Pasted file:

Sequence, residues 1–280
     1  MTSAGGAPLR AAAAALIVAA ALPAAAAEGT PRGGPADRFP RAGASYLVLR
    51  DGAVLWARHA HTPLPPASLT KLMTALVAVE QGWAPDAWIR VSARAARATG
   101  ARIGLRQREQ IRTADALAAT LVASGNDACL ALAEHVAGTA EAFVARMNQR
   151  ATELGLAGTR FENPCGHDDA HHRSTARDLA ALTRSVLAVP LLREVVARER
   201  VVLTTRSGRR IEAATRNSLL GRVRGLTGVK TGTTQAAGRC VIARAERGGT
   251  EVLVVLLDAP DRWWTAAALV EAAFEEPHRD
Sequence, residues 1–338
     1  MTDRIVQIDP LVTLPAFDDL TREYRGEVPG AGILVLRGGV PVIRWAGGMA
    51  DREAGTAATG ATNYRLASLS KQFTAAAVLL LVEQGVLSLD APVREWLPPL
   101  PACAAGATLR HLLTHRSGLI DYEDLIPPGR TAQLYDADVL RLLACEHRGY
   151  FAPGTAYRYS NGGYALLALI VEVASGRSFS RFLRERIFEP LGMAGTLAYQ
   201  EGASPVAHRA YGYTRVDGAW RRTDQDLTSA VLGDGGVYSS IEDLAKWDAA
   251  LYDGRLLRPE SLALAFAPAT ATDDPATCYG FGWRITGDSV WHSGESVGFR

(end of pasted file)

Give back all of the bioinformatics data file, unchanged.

Sequence, residues 1–280
     1  MTSAGGAPLR AAAAALIVAA ALPAAAAEGT PRGGPADRFP RAGASYLVLR
    51  DGAVLWARHA HTPLPPASLT KLMTALVAVE QGWAPDAWIR VSARAARATG
   101  ARIGLRQREQ IRTADALAAT LVASGNDACL ALAEHVAGTA EAFVARMNQR
   151  ATELGLAGTR FENPCGHDDA HHRSTARDLA ALTRSVLAVP LLREVVARER
   201  VVLTTRSGRR IEAATRNSLL GRVRGLTGVK TGTTQAAGRC VIARAERGGT
   251  EVLVVLLDAP DRWWTAAALV EAAFEEPHRD
Sequence, residues 1–338
     1  MTDRIVQIDP LVTLPAFDDL TREYRGEVPG AGILVLRGGV PVIRWAGGMA
    51  DREAGTAATG ATNYRLASLS KQFTAAAVLL LVEQGVLSLD APVREWLPPL
   101  PACAAGATLR HLLTHRSGLI DYEDLIPPGR TAQLYDADVL RLLACEHRGY
   151  FAPGTAYRYS NGGYALLALI VEVASGRSFS RFLRERIFEP LGMAGTLAYQ
   201  EGASPVAHRA YGYTRVDGAW RRTDQDLTSA VLGDGGVYSS IEDLAKWDAA
   251  LYDGRLLRPE SLALAFAPAT ATDDPATCYG FGWRITGDSV WHSGESVGFR